City dwellers will have to bear the maximum brunt of heat waves as extreme summers like that of 2012 - which saw record temperatures in various cities across the world - become increasingly common, predicts a study.
The study found heat waves hit urban areas hardest, shedding light on what a future with more extreme summers might mean for the world's growing population of urbanites.
As the chances of a heat wave rise, many city-dwellers could face more uncomfortable summers, increased health risks and potentially higher energy bills from air conditioning, the study noted.
"Not only do heat waves intensify the urban heat island, but the heat island also intensifies the heat wave, which is pretty much the opposite of what you would want," said the study's lead author Jason Schatz from University of Wisconsin-Madison in the US.
Using data from the 150 sensors Schatz installed in and around Madison, the researchers found that urban areas experienced up to twice as many hours over 90 degrees Fahrenheit (32 degrees Celsius) than rural areas during the 2012 heat wave.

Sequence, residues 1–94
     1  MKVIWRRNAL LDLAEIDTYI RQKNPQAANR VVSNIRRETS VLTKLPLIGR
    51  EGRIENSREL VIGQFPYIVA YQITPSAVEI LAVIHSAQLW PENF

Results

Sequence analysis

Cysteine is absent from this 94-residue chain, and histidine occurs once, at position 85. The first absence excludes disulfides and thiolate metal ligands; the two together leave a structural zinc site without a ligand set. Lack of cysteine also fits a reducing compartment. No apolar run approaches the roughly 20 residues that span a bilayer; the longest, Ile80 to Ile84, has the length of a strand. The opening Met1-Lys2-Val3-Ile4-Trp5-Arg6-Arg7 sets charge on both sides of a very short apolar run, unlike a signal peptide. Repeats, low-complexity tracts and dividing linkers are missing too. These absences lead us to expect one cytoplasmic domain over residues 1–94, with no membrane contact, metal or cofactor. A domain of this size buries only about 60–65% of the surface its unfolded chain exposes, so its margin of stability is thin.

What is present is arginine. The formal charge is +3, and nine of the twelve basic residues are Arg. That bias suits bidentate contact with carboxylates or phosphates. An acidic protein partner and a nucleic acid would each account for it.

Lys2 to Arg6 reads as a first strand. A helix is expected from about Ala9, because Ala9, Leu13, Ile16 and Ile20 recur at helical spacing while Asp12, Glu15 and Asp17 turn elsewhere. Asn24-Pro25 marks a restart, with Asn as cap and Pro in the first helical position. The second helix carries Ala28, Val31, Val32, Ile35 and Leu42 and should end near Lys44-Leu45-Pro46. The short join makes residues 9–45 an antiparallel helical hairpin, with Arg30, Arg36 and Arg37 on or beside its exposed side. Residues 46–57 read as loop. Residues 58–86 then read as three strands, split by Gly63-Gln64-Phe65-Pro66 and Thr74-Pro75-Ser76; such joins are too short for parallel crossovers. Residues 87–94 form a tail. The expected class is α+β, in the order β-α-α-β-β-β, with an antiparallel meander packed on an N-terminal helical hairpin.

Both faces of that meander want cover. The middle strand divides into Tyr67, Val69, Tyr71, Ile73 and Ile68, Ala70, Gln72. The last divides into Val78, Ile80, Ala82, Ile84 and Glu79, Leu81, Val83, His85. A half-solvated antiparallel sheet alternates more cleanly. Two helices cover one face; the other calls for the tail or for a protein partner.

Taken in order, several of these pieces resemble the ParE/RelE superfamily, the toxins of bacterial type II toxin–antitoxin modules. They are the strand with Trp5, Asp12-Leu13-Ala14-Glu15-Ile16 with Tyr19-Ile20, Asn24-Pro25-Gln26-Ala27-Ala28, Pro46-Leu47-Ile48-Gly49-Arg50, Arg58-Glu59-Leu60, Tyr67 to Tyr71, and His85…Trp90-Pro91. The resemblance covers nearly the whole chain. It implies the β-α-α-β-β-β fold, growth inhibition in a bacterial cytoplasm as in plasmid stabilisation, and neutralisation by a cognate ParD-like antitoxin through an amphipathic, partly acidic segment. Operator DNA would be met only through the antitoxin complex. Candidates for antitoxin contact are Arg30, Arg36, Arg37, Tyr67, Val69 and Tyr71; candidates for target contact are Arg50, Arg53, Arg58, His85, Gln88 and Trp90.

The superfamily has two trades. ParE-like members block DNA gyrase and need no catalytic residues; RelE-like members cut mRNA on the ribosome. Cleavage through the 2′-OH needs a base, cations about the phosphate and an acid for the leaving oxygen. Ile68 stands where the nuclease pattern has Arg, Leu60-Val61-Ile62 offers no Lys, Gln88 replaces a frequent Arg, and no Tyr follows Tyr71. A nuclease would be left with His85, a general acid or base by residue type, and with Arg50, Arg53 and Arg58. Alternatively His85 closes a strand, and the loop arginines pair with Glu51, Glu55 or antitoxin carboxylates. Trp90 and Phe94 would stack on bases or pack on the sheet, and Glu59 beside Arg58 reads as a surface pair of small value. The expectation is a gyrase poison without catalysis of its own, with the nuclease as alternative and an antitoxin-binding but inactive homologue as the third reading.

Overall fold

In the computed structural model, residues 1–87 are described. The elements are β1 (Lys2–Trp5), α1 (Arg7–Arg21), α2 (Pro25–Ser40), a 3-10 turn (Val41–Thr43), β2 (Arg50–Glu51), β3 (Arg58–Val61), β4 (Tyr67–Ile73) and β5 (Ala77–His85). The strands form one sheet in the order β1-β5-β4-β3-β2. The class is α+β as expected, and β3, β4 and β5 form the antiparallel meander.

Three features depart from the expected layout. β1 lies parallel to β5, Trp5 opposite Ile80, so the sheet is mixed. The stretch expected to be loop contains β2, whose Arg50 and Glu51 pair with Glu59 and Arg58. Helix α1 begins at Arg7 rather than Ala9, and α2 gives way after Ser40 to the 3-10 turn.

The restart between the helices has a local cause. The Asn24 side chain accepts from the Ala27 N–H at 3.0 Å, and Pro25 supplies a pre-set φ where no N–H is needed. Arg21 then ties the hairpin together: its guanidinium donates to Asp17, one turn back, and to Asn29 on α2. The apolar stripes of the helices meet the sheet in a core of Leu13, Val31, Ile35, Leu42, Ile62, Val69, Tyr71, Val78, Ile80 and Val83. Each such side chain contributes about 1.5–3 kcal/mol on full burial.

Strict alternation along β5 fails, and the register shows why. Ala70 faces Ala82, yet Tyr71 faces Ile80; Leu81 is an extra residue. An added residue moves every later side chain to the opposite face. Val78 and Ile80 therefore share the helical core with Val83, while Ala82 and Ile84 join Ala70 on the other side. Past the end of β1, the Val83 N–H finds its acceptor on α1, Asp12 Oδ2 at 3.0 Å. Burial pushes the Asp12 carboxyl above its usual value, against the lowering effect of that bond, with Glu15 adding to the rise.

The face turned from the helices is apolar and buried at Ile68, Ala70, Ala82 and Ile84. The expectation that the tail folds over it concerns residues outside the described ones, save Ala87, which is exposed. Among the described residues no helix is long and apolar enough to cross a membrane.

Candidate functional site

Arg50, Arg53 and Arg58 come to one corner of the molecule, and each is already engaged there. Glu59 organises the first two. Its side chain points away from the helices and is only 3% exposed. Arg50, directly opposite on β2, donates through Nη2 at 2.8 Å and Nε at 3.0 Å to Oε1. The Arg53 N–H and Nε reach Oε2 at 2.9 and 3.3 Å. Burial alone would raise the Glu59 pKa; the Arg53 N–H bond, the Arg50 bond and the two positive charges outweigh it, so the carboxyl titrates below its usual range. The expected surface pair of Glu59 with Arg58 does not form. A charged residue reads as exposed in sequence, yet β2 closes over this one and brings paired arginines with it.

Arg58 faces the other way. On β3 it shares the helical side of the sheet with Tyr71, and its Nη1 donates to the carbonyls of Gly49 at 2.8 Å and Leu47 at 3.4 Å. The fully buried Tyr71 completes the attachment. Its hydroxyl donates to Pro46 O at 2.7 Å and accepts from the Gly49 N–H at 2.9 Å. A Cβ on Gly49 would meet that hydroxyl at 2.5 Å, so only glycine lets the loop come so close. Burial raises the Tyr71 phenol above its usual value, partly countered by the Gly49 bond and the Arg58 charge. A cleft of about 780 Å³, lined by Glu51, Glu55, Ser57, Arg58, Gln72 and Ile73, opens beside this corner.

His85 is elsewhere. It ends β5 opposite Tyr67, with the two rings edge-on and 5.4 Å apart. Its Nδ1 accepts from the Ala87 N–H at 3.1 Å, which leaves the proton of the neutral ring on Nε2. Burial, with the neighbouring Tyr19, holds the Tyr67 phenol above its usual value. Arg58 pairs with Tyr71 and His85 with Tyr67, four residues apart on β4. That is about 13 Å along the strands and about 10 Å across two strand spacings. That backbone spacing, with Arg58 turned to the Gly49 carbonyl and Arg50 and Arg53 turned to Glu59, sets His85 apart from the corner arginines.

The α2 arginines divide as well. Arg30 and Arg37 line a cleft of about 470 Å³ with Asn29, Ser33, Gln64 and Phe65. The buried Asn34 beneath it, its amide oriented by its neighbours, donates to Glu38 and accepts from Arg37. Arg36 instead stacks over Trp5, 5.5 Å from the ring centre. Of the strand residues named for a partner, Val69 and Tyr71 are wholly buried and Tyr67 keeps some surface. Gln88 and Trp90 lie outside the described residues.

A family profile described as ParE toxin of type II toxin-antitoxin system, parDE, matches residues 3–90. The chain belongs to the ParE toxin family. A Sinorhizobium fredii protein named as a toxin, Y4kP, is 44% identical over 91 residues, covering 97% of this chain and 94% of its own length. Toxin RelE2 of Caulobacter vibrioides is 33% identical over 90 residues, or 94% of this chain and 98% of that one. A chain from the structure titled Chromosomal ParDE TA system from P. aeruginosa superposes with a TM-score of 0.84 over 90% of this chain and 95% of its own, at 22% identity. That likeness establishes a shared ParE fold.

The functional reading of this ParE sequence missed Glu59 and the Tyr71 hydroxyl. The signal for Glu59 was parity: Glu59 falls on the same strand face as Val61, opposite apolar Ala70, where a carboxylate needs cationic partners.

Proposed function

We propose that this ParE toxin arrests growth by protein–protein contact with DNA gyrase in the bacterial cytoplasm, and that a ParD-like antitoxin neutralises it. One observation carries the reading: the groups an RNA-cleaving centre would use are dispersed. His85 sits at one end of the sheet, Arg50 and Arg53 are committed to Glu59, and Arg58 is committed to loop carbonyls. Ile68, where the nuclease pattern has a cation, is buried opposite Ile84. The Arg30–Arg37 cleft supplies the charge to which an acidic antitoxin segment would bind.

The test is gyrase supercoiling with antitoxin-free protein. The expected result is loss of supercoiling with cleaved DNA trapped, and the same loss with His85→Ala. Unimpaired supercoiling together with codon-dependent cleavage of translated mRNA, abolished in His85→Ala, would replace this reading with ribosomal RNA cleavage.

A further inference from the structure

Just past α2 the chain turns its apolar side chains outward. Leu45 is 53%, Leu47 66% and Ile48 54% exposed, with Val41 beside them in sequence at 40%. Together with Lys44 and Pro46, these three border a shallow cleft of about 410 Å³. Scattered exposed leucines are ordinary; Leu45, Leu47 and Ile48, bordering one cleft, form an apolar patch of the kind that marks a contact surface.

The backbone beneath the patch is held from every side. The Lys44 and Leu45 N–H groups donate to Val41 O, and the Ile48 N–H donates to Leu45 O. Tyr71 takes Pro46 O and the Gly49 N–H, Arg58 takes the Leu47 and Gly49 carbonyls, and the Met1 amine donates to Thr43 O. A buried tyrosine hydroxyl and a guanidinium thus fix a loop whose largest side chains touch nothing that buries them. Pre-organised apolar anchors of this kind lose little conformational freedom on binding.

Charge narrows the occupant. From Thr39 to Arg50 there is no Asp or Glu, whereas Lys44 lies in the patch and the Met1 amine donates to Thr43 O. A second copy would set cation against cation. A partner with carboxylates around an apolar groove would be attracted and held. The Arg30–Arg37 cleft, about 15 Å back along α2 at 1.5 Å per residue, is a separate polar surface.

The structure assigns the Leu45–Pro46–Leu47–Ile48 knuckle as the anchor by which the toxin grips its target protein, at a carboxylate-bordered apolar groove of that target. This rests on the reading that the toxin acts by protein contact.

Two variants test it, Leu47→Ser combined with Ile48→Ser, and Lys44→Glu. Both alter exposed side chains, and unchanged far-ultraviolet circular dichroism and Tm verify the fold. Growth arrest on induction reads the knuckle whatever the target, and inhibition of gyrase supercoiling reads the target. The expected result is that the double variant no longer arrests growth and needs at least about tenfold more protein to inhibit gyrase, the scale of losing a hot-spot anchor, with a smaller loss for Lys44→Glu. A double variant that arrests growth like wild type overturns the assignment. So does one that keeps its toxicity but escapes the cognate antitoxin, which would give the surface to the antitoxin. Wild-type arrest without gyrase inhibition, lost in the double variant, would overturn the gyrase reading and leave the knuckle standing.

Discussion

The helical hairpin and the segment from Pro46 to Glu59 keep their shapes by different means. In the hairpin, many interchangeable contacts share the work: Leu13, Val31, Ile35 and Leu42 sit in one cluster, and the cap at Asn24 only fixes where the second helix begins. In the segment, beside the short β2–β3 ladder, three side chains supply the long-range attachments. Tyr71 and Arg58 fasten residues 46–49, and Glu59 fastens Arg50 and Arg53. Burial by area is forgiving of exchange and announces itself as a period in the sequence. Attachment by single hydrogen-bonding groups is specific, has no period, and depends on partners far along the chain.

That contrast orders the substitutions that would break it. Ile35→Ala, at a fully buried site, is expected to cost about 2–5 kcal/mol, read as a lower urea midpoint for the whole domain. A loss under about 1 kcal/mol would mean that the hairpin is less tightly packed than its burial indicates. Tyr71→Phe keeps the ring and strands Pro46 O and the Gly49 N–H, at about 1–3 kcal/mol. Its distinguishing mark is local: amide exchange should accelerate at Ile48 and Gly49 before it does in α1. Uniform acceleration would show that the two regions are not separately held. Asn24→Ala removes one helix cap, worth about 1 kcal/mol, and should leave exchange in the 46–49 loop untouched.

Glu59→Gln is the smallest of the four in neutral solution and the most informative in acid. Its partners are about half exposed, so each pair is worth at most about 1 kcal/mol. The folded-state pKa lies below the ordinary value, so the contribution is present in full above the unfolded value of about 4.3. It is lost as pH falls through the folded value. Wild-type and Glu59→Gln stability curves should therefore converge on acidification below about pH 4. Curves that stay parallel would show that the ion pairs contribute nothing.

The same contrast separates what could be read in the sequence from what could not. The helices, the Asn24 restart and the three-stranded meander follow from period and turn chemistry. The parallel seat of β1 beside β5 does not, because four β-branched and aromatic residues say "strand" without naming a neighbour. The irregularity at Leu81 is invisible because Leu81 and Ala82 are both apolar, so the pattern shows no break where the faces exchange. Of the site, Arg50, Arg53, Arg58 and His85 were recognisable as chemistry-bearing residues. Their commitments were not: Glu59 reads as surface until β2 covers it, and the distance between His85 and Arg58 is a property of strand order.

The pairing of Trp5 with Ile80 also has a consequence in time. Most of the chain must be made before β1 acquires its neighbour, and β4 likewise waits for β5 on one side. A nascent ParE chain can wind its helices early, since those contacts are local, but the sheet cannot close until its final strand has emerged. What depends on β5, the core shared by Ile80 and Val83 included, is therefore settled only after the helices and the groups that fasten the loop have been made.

The researchers noted that in densely built areas, the heat-retaining asphalt, brick and concrete make things hotter than their non-urban surroundings.
Since prolonged heat exposure, rather than isolated hot days, is what can cause heat stress, long stretches with no night time reprieve in densely populated areas pose a greater risk to public health.
This risk is bound to grow if cities do not plan accordingly, co-author Chris Kucharik, professor at University of Wisconsin-Madison warned.
"2012 is pretty representative of summers we are likely to experience 50 years from now," he said.
The study was published in the journal Environmental Research Letters.